How can I talk to my daughter's teacher?

Rebecca - posted on 10/31/2014 ( 2 moms have responded )

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Recently, my daughter has made friends with a younger girl, 5th grade, from her school. She's in 7th grade, and other kids have been bothering her so much at school about it! Partly because she's at a middle school age, and her new friend is at an elementary school age. I don't find ANYTHING wrong with my girls with older/younger kids, as long as they're a good influence. There's a girl who threatens her to stop hanging out or she'll talk to the principal, and not just the girls at her own age. Girls in 5th grade also do it, telling her friend that she's not allowed to be hanging out with my daughter because she's what they call "too big" to be her friend. One of the 5th graders are one of my daughter's classmates younger sister, and both of them are quite rude to my daughter. I don't know how to talk to the teacher about her situations because I need to have good reasons. She also hangs out with older kids (10th-11th grade??) and they're good teenagers, but most 7th-5th graders don't think they should all be friends. They make a table where ONLY seventh-grade kids are allowed to sit at lunch, no sixth graders, no fifth graders, and no fourth graders. I haven't met the younger girl yet, but my daughter's told me a little about her. (Such as behavior, interests, work habits, etc)

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Chet - posted on 11/01/2014

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Social issues are a valid reason to talk to the school. It should be perfectly acceptable for you to speak to your daughter's teacher, and let the teacher know that you are concerned about what is going on with your daughter and some of the other kids. It's okay to let a teacher know that your child is under some social stress right now.

Teachers don't just teach. Good ones also work to facilitate a positive social environment at school. And good teachers know that kids do better at school when social issues like this are dealt with.

It's difficult to comment on the exact situation with the interaction between kids in different grades. Some schools do maintain a fair amount of separation between grades, and I'm not clear on how much of this was invented by the kids, and how much the culture of the school may have contributed.

Some schools do work to keep grades very separate. And some teachers do encourage older children to think of themselves as more mature and "above" the younger kids. It isn't necessarily malicious. I'm thinking of those lectures that start with "you're in grade 7 now, you're not in grade 5 or 6 any more ... ". In contrast, the school that are kids attend is very small. There is a lot mixing of grades, and older-younger kid friendships.

Mostly though, I would focus on empowering your daughter. Encourage her to think of what she can do herself to cope with this. Maybe it would help to get together with the younger friend outside of school. Maybe it would help to decide that she doesn't even want to be friends with this girl who is threatening to ditch her if she doesn't drop the grade 5 friend. Maybe you encourage your daughter to think through what would happen if some kid did go to the principal - so she realises herself that it was a pointless, empty threat.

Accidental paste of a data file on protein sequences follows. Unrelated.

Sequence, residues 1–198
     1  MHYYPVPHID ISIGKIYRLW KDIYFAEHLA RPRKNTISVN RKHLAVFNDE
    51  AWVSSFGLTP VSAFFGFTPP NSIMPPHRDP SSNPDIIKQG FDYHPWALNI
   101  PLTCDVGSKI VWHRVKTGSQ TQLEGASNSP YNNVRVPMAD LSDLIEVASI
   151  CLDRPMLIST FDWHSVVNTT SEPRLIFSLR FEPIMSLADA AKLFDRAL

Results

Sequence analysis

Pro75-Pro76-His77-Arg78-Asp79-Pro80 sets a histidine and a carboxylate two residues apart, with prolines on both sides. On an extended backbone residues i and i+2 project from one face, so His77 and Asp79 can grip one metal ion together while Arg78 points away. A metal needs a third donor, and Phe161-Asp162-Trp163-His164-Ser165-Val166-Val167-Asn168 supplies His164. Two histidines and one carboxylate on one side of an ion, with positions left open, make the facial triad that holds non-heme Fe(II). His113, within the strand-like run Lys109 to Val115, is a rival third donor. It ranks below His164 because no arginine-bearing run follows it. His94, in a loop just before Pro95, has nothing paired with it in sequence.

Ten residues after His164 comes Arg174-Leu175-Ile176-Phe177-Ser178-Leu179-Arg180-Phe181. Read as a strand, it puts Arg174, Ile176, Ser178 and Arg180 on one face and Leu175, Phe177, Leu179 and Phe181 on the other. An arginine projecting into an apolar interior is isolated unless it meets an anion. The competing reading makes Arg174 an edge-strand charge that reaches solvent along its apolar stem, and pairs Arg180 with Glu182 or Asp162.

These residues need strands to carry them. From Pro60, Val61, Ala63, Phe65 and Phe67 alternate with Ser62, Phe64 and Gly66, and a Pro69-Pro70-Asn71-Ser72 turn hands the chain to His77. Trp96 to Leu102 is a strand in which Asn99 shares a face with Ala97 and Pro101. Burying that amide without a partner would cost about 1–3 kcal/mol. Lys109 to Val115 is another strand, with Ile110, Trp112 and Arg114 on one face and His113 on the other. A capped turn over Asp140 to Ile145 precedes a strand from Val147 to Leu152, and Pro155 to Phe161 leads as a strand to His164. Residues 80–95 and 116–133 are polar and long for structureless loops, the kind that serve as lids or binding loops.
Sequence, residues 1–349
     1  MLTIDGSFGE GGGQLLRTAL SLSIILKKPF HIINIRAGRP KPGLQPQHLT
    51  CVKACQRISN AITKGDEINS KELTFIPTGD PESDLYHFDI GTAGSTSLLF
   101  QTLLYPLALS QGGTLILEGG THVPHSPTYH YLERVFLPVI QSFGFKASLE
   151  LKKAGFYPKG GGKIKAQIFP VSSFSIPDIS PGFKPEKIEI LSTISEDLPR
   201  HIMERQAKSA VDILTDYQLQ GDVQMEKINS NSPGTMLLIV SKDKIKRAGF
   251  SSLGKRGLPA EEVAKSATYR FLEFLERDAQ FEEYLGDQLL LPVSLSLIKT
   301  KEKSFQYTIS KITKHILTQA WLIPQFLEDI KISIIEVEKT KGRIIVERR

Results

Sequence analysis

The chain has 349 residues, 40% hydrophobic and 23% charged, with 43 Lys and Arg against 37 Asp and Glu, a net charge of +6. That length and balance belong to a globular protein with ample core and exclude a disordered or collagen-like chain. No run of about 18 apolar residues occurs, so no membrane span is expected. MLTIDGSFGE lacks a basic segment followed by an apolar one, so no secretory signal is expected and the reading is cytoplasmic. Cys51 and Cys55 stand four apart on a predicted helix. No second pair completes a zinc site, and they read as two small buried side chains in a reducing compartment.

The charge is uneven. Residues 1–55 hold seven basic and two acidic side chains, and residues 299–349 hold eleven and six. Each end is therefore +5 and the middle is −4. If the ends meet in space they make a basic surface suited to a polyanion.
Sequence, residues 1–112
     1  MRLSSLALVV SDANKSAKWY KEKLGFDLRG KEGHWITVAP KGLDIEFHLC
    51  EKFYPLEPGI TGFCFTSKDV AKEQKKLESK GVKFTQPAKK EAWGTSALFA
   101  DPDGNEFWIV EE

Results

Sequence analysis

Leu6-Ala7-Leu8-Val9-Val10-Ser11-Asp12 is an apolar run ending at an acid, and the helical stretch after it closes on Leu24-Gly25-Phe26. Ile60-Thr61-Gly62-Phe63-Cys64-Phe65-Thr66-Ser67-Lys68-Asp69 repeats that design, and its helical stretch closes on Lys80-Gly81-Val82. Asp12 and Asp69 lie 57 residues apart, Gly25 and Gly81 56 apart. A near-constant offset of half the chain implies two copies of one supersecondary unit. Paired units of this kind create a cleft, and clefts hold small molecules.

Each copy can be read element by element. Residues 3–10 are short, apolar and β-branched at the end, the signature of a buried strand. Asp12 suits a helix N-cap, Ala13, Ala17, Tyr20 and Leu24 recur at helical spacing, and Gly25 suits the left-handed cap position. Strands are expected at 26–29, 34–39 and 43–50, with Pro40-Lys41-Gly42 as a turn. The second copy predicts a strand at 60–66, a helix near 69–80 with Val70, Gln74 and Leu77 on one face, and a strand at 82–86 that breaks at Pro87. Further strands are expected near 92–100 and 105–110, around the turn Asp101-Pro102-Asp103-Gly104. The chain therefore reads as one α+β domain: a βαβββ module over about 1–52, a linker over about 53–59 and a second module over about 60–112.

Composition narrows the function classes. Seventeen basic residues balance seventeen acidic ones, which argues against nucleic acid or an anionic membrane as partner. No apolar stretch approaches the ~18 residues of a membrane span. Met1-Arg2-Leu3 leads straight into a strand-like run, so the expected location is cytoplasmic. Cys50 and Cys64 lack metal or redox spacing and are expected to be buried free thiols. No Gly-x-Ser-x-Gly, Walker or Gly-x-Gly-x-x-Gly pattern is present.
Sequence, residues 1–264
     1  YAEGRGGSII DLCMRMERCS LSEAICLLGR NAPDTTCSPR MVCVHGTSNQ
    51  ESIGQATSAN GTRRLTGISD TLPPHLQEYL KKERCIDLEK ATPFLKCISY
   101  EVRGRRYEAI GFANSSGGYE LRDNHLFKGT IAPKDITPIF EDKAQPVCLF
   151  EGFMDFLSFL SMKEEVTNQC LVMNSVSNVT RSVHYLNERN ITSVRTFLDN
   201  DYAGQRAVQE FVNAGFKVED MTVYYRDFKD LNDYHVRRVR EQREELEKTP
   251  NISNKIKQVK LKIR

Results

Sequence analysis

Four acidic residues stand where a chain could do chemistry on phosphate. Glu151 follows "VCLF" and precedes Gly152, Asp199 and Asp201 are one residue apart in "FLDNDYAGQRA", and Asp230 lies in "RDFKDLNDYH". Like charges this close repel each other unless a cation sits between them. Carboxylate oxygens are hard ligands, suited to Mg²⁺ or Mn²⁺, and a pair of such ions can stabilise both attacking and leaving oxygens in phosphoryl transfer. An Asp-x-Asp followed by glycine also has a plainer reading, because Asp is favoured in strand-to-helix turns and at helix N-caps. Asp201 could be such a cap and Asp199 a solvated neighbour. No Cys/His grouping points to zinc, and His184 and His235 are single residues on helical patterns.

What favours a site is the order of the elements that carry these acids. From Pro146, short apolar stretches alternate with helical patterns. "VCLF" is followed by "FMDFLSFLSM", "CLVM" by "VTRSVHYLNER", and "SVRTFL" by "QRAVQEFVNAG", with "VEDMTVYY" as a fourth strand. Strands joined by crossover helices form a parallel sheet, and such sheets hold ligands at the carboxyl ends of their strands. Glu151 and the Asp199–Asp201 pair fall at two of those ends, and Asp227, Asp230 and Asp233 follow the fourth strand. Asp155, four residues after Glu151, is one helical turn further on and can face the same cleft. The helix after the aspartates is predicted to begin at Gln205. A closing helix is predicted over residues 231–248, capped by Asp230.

Also, sometimes the only thing kids really need is the chance to talk about the stuff that goes on at school. Sometimes just talking, complaining, brainstorming and getting it out is the thing that helps the most. You don't need to have all the answers. When our kids are upset about something at school I ask a lot of "how did you feel?" and "how do you think she felt?" and "why do you think he said that?" type questions... or I just sympathize and say "I wouldn't like that either".




Recently, my daughter has made friends with a younger girl, 5th grade, from her school. She's in 7th grade, and other kids have been bothering her so much at school about it! Partly because she's at a middle school age, and her new friend is at an elementary school age. I don't find ANYTHING wrong with my girls with older/younger kids, as long as they're a good influence. There's a girl who threatens her to stop hanging out or she'll talk to the principal, and not just the girls at her own age. Girls in 5th grade also do it, telling her friend that she's not allowed to be hanging out with my daughter because she's what they call "too big" to be her friend. One of the 5th graders are one of my daughter's classmates younger sister, and both of them are quite rude to my daughter.

I don't know how to talk to the teacher about her situations because I need to have good reasons. She also hangs out with older kids (10th-11th grade??) and they're good teenagers, but most 7th-5th graders don't think they should all be friends. They make a table where ONLY seventh-grade kids are allowed to sit at lunch, no sixth graders, no fifth graders, and no fourth graders. I haven't met the younger girl yet, but my daughter's told me a little about her. (Such as behavior, interests, work habits, etc)

Dove - posted on 10/31/2014

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Tell your daughter to not feed into the drama. She can be friends with this girl whether the other kids like it or not. As long as neither girl is harmful to the other... it's no one's business if they are friends or not.

Who CARES if some brat tells the principal that your daughter has a friend in a different grade? If neither girl is doing anything wrong... no decent principal will listen to a nosy tattletale.

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